The Dow Jones Industrial Average reached a new milestone in early trading on Wednesday, topping 35,000 points for the first time in the history of the blue-chip index.
The Dow rose to 35,061 shortly after markets opened, buoyed by recent reports showing strong corporate profits. It lost ground later in the session and closed at 34,933. The index has risen 34% over the last year and is up 14% in 2021.
The broader S&P 500 and tech-heavy Nasdaq were broadly flat in morning trade.
Investors also seemed to take comfort in a statement by Federal Reserve Chairman Jerome Powell suggesting that he expects inflation, which has surged over the last year, to "remain elevated in coming months" before "moderating."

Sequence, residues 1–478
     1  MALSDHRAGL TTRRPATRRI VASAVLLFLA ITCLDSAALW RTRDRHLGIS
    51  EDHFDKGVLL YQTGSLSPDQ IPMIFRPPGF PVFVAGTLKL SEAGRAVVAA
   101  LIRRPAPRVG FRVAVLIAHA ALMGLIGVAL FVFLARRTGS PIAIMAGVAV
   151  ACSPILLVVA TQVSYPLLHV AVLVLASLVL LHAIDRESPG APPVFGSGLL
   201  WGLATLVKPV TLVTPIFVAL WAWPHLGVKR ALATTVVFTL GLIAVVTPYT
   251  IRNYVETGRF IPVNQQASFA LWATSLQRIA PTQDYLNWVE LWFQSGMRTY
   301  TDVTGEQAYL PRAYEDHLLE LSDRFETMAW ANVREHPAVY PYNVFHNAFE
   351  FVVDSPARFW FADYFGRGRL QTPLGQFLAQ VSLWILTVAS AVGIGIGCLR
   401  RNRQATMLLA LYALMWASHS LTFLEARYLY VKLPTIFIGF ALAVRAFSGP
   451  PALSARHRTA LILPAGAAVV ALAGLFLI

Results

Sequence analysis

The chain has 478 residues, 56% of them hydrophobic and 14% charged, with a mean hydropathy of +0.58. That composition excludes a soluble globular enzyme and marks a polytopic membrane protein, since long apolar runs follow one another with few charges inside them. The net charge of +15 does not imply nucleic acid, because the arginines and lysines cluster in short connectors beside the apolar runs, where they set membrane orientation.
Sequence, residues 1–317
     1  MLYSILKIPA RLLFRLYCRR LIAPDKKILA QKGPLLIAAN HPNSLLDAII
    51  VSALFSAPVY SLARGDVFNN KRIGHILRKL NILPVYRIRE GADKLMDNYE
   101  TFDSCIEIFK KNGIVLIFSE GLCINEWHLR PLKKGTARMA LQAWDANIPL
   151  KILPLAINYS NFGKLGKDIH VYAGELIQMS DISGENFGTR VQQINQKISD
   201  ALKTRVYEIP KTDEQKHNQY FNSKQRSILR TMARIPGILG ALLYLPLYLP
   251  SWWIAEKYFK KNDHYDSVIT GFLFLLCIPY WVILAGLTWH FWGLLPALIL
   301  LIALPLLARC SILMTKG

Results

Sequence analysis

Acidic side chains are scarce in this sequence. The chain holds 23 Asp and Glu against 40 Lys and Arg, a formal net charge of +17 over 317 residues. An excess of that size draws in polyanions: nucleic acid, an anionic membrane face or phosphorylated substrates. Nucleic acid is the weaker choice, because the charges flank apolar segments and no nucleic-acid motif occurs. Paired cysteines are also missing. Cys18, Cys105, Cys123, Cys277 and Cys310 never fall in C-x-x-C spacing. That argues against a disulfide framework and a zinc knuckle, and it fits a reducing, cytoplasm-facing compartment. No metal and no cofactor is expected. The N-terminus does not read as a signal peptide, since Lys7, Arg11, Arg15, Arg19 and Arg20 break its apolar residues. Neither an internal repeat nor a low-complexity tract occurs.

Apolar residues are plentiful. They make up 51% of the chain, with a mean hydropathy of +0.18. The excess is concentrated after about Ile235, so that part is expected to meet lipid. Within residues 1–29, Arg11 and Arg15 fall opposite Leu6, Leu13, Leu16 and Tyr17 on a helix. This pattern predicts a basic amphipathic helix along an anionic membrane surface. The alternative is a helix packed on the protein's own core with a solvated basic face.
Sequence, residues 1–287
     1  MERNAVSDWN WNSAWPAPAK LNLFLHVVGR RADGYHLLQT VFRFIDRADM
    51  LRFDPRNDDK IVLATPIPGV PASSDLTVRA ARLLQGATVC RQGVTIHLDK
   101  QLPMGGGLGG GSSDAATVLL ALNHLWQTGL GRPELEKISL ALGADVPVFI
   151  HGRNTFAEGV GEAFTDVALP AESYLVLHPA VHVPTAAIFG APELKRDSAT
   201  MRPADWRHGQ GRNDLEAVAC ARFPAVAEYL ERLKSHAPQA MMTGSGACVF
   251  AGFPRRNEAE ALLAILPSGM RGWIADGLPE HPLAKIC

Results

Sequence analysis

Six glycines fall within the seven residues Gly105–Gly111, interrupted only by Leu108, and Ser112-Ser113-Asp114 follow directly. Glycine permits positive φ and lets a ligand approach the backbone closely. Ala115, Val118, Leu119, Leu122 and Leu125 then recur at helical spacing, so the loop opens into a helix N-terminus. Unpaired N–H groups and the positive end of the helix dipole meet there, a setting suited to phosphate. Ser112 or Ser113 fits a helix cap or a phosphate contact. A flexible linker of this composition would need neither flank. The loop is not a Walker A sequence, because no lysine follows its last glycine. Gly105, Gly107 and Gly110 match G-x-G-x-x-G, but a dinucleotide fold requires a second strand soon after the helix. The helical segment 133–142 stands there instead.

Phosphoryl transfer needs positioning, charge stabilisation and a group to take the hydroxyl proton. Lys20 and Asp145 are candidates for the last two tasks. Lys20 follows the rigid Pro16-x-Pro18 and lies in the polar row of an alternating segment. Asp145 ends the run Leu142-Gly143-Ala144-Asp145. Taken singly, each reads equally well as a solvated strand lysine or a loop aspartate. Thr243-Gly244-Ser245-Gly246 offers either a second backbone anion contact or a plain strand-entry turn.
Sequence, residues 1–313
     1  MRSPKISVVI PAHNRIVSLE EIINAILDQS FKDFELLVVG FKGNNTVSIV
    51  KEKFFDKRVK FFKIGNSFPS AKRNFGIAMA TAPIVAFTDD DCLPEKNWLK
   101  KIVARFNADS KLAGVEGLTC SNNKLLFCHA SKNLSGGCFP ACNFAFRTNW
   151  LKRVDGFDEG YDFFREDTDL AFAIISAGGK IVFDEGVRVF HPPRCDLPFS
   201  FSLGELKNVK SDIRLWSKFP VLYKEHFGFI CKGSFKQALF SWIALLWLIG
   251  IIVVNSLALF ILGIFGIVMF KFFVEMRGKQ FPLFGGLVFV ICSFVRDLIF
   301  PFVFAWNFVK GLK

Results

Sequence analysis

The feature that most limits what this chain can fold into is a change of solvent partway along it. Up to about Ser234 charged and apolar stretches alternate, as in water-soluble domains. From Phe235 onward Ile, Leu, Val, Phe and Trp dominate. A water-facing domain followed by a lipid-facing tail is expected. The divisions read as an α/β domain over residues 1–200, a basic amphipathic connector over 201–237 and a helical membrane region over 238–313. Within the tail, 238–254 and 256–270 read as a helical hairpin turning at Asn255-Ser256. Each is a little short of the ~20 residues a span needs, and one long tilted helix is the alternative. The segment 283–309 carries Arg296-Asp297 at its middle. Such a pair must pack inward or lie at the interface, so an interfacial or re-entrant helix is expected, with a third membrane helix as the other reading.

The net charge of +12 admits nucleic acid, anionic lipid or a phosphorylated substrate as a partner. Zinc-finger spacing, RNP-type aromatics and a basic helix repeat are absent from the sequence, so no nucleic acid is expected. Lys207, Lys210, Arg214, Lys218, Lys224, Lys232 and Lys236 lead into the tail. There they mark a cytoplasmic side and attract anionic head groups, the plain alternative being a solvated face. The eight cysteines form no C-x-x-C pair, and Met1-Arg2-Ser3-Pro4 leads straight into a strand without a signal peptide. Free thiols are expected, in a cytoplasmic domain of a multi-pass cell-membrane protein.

In written testimony he will deliver later Wednesday to the House Financial Services Committee, Powell reiterated his view that the recent jump in prices and wages is due to temporary factors, including supply-chain disruptions and businesses reopening as the coronavirus pandemic eases.
Consumer prices in June rose 0.9% from May and 5.4% over the past year — the sharpest 12-month inflation spike since June 2008, according to labor data released on Tuesday.
During the dot-com boom more than 20 years ago, columnist James K. Glassman and economist Kevin Hassett in 1999 famously predicted that the Dow would eventually hit 36,000. The index, which crashed in 2000 and then again in 2008 during the global financial crisis, has steadily climbed for more than a decade.
This is a developing story.